A Conservative prime minister under pressure from right-wing eurosceptics triggers a leadership election in order to smoke out his critics. Not David Cameron. But John Major. In 1995 the then prime minister resigned as leader of the Conservative Party and told his backbench critics to "put up or shut up". In the event Major was reelected leader and remained as prime minister until he lost the general election to Tony Blair in 1997.
Asked this morning whether Cameron should follow his lead and trigger a leadership election of his own, Major said the circumstances were "very different" in many ways. "I do't think he is remotely in the position I was in," he said. For one, the main eurosceptic threat to Cameron currently appears to be not from his own MPs, who have remained pretty loyal in the wake of last week's European elections, but from Nigel Farage's Ukip. And mutterings about the prime minister's leadership of the party have died down in recent months as Labour's poll lead narrows.
Major told BBC Radio 4's Today programme the the eurosceptic surge across the European Union would also make Cameron's hope of renegotiating the UK's membership of the bloc "much easier" as other member states would recognise changes needed to be made.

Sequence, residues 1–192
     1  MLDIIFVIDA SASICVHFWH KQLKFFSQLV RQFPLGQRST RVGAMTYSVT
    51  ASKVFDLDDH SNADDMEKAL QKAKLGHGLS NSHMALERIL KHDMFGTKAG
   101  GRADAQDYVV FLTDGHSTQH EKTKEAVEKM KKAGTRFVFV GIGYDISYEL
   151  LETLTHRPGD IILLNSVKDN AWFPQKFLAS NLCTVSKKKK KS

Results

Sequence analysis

The former prime minister also took on Ukip and Tory eurosceptics by branding their position "absolute nonsense". He insisted Britain needed to remain within the EU. "How much inward investment coming into this country that currently helping our economy grow faster that it has for a decade comes here just for our pretty blue eyes and how much comes here because through Britain they have access to the single market?" he said.
Major said the Ukip surge would not last and that the party was an "impediment for the moment" that was "extremely good at exploiting grievances".
He added: "Ukip are not frankly a very tolerant party, I don't think there appeal is likely to continue for a very long time. I think we have seen that in some of the things they have done recently."
Major, whose leadership of the Conservative Party was constantly under threat from eurosceptic MPs and cabinet ministers, recently defended having publicly attacked those who were trying to undermine him. "Calling three of my colleagues, or a number of my colleagues, 'bastards' was absolutely unforgivable. My only excuse is that it was true," he told journalists at a lunch in Westminster.